Third-party capital investors allocated to specialty insurance and reinsurance player Brit Ltd’s collateralised reinsurance underwriting vehicle and ILS fund brand Sussex Capital appear to have profited in 2022, as the company delivered positive income to them for the year.
Brit’s main third-party capital vehicle sits under the Sussex Capital branding now, with collateralised reinsurance products underwritten, ILS fund structures managed, while it is also used to channel capital to its other underwriting vehicles from third-party investors including via a catastrophe bond the structure issued.
A year ago, Brit’s underwriting result, in terms of income attributable to third party capital providers but earned by Brit, came out at $2.5 million for 2021.
That suggested the investors in Sussex Capital faced some losses during 2021, a worsening of performance from 2020 when $6 million of income earned by Brit was shared with investors in the third-party capital structures.
But for 2022, the fortunes seem to have reversed again, as third-party investors took a gain from Brit related to Sussex Capital.
Brit said that it shared $1.3 million of Sussex Capital income with its third-party capital partners for 2022, suggesting positive income for the investors and a better underwriting experience for the structured reinsurance arrangements Sussex Capital enters into.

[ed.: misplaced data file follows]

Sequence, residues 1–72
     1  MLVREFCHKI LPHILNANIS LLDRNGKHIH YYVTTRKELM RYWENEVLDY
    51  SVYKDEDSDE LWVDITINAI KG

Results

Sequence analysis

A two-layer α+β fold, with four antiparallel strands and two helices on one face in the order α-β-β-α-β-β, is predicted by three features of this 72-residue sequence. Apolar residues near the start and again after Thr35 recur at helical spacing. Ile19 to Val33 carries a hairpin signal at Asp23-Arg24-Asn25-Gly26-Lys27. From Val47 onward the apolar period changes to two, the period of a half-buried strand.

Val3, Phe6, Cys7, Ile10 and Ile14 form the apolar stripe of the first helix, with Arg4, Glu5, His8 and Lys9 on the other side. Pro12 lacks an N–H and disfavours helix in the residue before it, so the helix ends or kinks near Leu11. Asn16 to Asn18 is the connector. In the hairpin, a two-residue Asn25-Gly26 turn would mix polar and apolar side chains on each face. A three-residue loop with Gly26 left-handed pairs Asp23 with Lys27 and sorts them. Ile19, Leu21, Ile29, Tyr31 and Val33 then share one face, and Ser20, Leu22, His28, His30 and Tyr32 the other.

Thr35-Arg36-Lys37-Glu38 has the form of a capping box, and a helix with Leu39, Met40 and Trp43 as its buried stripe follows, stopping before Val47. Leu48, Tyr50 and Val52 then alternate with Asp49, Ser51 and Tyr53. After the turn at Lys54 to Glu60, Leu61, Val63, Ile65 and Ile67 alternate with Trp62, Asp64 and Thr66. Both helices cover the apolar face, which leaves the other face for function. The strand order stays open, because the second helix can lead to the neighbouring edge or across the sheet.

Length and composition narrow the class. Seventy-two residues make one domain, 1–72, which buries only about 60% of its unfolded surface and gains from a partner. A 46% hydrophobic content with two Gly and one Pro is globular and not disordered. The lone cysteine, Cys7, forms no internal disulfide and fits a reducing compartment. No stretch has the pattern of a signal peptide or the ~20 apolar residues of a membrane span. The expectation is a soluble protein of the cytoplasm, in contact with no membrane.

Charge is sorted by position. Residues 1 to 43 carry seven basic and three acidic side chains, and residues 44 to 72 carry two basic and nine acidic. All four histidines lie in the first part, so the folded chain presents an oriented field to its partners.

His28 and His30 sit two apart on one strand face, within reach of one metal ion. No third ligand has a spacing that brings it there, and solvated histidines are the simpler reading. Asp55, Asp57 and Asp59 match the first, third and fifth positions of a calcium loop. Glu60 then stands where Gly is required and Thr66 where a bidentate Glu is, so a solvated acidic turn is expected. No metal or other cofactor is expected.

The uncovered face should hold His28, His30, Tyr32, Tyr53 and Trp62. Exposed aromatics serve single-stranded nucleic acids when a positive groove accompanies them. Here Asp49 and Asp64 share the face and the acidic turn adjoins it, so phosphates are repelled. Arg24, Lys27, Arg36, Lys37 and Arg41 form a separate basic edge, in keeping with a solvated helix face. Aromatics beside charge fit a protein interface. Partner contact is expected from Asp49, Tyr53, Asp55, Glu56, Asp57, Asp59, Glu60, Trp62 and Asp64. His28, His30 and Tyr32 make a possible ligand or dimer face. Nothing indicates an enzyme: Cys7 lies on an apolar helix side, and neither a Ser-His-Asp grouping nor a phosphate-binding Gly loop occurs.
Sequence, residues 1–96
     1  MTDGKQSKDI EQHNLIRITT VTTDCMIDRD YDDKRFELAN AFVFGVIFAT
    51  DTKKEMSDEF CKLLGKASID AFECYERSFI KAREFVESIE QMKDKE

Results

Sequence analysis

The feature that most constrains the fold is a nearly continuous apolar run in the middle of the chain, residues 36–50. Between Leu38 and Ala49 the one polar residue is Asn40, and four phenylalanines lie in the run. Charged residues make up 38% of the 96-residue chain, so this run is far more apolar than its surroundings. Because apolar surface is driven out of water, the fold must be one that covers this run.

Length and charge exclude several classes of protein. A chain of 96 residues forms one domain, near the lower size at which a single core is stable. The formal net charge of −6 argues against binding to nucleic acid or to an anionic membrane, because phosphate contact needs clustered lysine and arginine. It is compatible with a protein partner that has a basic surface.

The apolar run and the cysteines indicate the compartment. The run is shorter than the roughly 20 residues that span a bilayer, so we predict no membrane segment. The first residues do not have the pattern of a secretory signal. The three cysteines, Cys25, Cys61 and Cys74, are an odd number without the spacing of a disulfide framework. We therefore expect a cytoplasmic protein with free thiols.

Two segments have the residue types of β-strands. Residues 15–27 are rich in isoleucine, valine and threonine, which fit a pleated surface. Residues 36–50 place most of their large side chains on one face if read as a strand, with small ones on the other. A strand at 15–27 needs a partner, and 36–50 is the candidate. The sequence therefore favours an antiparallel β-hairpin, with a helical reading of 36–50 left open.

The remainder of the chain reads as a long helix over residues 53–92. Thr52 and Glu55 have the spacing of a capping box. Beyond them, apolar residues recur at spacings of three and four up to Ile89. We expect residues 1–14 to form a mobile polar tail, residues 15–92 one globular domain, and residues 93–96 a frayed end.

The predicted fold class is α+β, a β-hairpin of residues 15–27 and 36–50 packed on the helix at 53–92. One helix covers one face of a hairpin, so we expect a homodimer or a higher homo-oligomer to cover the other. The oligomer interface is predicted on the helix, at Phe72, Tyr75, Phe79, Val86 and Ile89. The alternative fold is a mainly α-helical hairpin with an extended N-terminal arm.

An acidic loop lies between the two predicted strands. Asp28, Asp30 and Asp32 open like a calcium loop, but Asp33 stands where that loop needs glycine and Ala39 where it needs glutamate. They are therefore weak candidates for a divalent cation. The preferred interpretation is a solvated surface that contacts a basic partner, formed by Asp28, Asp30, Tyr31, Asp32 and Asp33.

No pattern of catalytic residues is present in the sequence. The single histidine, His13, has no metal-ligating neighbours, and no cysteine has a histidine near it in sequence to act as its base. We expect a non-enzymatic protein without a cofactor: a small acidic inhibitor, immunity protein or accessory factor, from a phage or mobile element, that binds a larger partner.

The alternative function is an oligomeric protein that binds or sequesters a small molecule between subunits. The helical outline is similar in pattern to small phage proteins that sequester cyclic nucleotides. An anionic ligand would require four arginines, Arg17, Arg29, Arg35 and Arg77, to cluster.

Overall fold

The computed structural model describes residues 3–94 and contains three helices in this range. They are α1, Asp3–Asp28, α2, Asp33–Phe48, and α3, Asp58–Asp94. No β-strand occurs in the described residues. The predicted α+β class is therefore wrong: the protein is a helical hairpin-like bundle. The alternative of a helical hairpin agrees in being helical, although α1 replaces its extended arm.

Also of note, Brit has again used its Sussex Capital structure to channel funding to its Ki algorithmic underwriting syndicate at Lloyd’s.
Ki Financial Ltd benefits from a letter of credit facility that delivers a share of the Funds at Lloyd’s for its Syndicate 1618 via a segregated account of Sussex Re.
For the 2021 underwriting year that amounted to a $50 million funding contribution to the Ki strategy, which then increased to $130 million for the 2022 underwriting year.
But, for 2023, the contribution to Ki’s underwriting resources that flow from the LoC via Sussex Capital has increased to $180 million, providing a proportion of the Funds at Lloyd’s for Syndicate 1618 through a segregated account of Sussex Re.
This shows Brit continuing to cleverly use its ILS vehicle in order to channel, what is presumably third-party capital sourced funding (bank or investor sourced) to another of its syndicate ventures, in particular the algorithmic underwriting venture Ki.
As a result, the use of third-party capital grows in importance, as too does the Sussex Capital platform and the capital markets infrastructure it has provided the company.
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